Debbie, a teacher attending the rally in Perth, said: “Labor and Liberal are trying to outdo each other to show how tough they can be in the region. The PNG solution is not a humane option. I have seen reports that to set up Manus Island they have to partially close a school, which disrupts the people there. To accommodate a detention centre will cause problems in a country that has problems of its own. Australia is supposed to be a neighbour that helps poorer countries and yet Australia hasn’t developed Papua New Guinea. It’s like colonialism at its worst.
“I encourage my students to be critical thinkers and to think about the rights of asylum seekers and not just to be influenced by the media. I say to students look at the media, which pushes false ideas. I believe all asylum seekers should be given asylum.”
Michael Rees-Lightfoot, came to the Melbourne rally from the nearby RMIT university: “I support the rights of the refugees. I am totally opposed to the new policy. Refugees have the right to seek asylum in any country. These people are leaving terrible conditions. The reason the government is making this such a huge issue is because they want to win the election. I feel like all I can do in this election is vote for the Greens because I just can’t vote for either Labor or the Liberals.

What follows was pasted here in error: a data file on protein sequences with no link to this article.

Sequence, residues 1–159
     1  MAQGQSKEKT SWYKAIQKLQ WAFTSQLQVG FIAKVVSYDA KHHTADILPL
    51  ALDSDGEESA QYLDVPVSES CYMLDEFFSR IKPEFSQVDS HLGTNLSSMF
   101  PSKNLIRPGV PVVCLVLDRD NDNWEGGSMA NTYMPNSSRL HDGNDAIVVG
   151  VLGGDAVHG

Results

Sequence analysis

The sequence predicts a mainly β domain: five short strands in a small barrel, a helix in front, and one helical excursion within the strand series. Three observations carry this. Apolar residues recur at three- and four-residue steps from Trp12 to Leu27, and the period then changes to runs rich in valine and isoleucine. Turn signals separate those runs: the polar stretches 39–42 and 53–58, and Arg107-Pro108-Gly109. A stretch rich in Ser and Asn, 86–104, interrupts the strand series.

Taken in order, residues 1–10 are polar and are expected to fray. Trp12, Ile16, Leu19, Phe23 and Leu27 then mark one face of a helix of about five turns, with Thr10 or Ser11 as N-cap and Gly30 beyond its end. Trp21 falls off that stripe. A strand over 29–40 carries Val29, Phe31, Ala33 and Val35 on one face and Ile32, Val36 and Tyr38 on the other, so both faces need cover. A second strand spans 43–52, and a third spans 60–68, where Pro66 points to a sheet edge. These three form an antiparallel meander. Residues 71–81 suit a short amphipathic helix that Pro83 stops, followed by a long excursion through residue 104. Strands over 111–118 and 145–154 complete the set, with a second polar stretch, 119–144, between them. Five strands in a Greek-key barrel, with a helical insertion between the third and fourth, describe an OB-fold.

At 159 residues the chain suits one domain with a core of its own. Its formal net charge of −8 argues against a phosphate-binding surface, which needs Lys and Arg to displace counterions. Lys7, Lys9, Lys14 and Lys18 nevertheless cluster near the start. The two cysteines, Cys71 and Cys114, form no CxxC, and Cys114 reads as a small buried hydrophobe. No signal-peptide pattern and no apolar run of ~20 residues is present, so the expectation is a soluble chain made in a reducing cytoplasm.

“I know that the Greens say they will accept 30,000 refugees. At least that’s something and hopefully in the future we will let unlimited numbers of refugees settle here. I agree that refugees should be allowed to live and study anywhere in the world. The bottom line is that it is not illegal to seek asylum.”
Adam, a student at Victoria University in Melbourne, told WSWS reporters he was on his way home from work when he saw the demonstration. “I would have felt like a fraud if I didn’t join in,” he said. “This goes against international law in all senses. It doesn’t seem to even come on the agenda that Australia is a signatory to various conventions. It’s really disgraceful. A lot of the time, the things happening to these refugees are the result of the economic policies and war from developed countries, and they’re the fallout. For the government to ignore them is the most despicable thing we could do.”
Adam said: “I’ll be voting for the Greens in the next election. I was thinking of voting for Labor, but I was surprised to see these horrible policies, so I’m not going to vote for them.”
After a WSWS reporter commented on the role of the Greens in supporting the minority Labor government, Adam replied: “I’m certainly not defending the Greens. I’m disillusioned with the political system altogether to be honest. A couple times I didn’t bother even voting because I thought, well, ‘what’s the point’? It is a bit of an indictment of our political system, but it is how everyone feels.”